Sleep is essential in humans to maintain cognitive performance and work productivity, as well as physical, psychological and emotional wellbeing [5, 6]. The acute effects of sleep deprivation include impaired cognitive, psychomotor and executive functioning. Longer term sleep deprivation appears to have additional detrimental impacts on metabolism and may contribute to the development of obesity . Sleep deprivation has also been associated with the emergence of cardiovascular disease and increased all-cause mortality [5, 6, 8–10]. Sleep quality is also relevant in terms of long-term health consequences .
Normal human sleep follows a distinct sequence (sleep architecture) of increasingly deep sleep interrupted by periods of relative brain activity (rapid eye movement or REM sleep). Disruptions of this normal sequence of events are known as “sleep fragmentation”. Restricted sleep duration and sleep fragmentation can occur due to a variety of factors, including shift work, emotional stress, sleep disorders and acute and chronic medical conditions [11–13].
The impact of sleep deprivation is well demonstrated in shift workers and in sleep restriction studies. For instance, a recent prospective 6-yr follow-up study in the Canadian province of Quebec found that adults who reported sleeping 5–6 h per night were 35% more likely to experience significant weight gain (>5 kg) during the 6-yr follow-up period than were those who reported sleeping for 7–8 h per night (considered a normal sleep duration for a healthy adult) . In the large Nurses Health Study there was an increased risk for developing diabetes, with all the attendant health risks, and experiencing adverse coronary events in females if they reported sleeping for ≤7 h per night compared with those achieving an average of 8 h per night .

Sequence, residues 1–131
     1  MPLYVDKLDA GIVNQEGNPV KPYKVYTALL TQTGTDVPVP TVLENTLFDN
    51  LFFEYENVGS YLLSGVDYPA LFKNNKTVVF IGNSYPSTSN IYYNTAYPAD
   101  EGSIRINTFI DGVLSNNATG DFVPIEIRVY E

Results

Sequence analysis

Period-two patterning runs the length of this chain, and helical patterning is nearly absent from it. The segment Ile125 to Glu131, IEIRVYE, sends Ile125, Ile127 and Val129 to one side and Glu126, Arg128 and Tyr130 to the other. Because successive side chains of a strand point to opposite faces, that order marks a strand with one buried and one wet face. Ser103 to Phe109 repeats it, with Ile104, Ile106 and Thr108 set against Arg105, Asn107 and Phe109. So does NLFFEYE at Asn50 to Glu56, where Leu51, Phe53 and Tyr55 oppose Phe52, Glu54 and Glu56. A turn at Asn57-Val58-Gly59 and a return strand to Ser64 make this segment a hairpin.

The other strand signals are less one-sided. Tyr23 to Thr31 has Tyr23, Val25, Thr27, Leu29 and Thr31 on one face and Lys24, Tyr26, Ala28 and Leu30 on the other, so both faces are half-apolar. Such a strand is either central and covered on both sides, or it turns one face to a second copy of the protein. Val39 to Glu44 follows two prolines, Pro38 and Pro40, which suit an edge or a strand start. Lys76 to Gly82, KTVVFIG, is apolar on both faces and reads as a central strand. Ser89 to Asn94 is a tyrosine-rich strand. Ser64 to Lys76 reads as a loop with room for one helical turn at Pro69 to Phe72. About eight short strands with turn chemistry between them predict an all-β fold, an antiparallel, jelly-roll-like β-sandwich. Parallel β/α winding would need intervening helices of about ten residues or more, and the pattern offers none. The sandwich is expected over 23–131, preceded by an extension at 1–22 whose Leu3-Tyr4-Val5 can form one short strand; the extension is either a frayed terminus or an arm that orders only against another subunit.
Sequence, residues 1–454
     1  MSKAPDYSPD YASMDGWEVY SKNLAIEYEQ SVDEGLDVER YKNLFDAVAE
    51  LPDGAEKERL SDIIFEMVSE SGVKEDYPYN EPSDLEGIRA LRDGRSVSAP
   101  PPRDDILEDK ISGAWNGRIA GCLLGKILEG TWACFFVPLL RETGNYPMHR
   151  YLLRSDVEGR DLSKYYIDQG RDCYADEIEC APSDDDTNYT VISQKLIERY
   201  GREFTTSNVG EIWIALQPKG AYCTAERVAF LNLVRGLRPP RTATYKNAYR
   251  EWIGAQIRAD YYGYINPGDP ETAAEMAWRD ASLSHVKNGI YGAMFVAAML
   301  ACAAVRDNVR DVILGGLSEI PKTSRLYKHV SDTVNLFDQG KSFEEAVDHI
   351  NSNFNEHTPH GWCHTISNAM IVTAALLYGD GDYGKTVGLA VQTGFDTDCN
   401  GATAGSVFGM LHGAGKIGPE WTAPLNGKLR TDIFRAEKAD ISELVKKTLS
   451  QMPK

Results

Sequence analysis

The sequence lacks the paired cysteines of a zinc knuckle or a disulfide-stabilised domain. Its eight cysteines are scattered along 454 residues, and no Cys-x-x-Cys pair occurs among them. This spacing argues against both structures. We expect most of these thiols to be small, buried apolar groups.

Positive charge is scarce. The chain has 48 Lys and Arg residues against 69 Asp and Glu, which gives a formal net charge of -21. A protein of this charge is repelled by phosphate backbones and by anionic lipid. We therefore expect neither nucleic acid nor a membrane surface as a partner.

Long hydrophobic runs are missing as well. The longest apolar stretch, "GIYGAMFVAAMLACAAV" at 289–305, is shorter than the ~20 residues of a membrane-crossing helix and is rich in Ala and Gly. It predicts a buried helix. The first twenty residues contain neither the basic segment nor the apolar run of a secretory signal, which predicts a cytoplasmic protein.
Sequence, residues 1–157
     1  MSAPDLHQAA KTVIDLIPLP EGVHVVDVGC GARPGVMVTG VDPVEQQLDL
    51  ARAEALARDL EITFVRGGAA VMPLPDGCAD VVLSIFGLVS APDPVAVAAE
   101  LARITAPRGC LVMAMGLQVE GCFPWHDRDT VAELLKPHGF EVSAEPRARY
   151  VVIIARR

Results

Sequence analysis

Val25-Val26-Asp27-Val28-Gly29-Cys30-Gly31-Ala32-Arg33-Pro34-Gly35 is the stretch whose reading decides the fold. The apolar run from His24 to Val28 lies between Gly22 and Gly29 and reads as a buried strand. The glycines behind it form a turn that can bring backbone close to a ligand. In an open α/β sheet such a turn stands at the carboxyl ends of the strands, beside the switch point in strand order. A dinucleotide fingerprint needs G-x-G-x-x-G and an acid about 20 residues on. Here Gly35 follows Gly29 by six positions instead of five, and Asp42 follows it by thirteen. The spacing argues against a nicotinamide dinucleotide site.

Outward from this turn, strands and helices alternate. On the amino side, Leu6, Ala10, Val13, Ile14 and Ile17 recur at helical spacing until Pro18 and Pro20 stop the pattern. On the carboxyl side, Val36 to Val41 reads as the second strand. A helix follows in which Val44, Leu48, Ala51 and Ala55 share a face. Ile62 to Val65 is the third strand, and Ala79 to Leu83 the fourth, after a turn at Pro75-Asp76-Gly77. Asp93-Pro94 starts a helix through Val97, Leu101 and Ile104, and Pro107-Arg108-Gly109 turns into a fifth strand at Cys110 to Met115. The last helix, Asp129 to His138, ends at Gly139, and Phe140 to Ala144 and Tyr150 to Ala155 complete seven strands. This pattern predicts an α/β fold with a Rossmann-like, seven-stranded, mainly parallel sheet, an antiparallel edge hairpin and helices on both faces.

Circadian variation of lung function in healthy subjects
Lung function displays clear circadian variation in healthy individuals. Ventilation changes with sleep onset and with sleep stage [14–16], with a considerable reduction as individuals move from light to deep sleep . These ventilatory changes result in a loss of air in the dependent (dorsal) region of the lung and are likely due to reduced respiratory muscle tone and consequent airway closure .
Spengler and Shea  examined pulmonary function over 41 h in 10 healthy adults who remained in a state of relaxed wakefulness. They identified a diurnal rhythm in lung function with significant circadian variations in forced expiratory volume in 1 s (FEV1), FEV1/forced vital capacity, cortisol and core body temperature. Cholinergic tone also has a normal circadian rhythm with higher levels during the sleeping hours, and this can lead to airflow limitation in patients with COPD . Conversely, changes in pulmonary function at night may also reflect changes in both cortisol levels and body temperature . Mortola  found that the ventilatory response to carbon dioxide falls during sleep. This may have a significant influence on the ventilatory response during sleep [20, 21]. All in all, these changes mean that the respiratory system is less capable of responding to challenges during the night.
SLEEP DISTURBANCE IN COPD